But what about an effort to preserve old software as software has changed, mutated, and evolved? Where can one find the grand early firsts? In the physical world, we can review how, say, buildings of worship evolved over the millennia through the Darwinian process of meme evolution, structures that show the incredible diversity of such structures: Mayan pyramids, Greek temples, (Somehow I can’t picture an Egyptian house of worship), Muslim mosques, Russian Orthodox onion-shaped roofs, the great cathedrals of Europe, the plain simplicity of the Shakers, the steeples of New England, .. and that’s not even scratching the surface of that one meme.
But suppose you wanted to see the same sort of historical display of software, which certainly is as real as houses of worship: they are both memes. But one is hard tissue that fossilizes readily, and the other is soft tissue that disintegrates quickly and thus is lost to fossilization. And that’s whay software will not be able to be seen in the same way.
Jordan Pearson reports in Motherboard:
Code is heritage.
Software has shaped our lives and culture for decades, and now the United Nations will make a push to get world governments to work toward preserving it.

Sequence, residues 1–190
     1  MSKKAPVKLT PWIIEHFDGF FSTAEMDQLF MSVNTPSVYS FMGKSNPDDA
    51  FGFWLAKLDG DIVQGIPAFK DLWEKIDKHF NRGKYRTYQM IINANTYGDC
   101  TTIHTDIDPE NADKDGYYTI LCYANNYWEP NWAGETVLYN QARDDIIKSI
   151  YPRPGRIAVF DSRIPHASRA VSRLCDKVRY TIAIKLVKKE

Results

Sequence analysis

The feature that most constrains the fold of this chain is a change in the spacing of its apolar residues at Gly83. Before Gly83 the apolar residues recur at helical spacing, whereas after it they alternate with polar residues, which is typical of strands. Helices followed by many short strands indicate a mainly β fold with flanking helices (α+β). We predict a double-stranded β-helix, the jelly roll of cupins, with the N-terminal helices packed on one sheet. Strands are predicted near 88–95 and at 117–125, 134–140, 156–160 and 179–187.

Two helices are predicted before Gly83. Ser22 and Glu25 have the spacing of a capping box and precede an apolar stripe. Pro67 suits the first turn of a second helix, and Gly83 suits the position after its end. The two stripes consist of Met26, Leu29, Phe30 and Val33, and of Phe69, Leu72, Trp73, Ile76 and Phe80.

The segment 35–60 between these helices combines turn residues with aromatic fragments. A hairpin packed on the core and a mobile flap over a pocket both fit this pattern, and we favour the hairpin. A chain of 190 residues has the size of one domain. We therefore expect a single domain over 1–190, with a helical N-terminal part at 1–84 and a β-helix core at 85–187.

On Monday, UNESCO, one of the founding agencies of the UN, announced a partnership with the French Institute for Research in Computer Science and Automation (INRIA) to preserve every piece of software under the sun. Last year, INRIA kicked off its Software Heritage project with the mission of collecting software source code and ensuring it’s never forgotten. The project has so far logged 58 million projects and billions of source files.
“We live in a digital world, but we don’t know how it works—what’s behind the machine? It’s software,” said Davide Storti, a UNESCO spokesperson, over the phone. “If you know how software works, you might better understand the world you live in. So, it’s important for education, and that kids have access to this notion.”
“It’s something that governments should participate in,” he said.
Read More: Programmers Are Racing to Save Apple II Software Before It Goes Extinct
Software preservation is a massive undertaking, especially outside of sought-after programs like video games, and one that requires a lot of collaboration and time. That’s why, with the current partnership, UNESCO will strike up a conversation among its 195 member states about how they can work to preserve code-as-cultural-heritage.
“Member states might agree that they want to do this, but nothing will happen,” Storti said. “So, we’re partnering with a public institution that is doing this.”
“[INRIA’s] software is real, it’s there, it contains millions of software projects, so it’s thanks to our partner that we can bring value to the conversation,” he continued.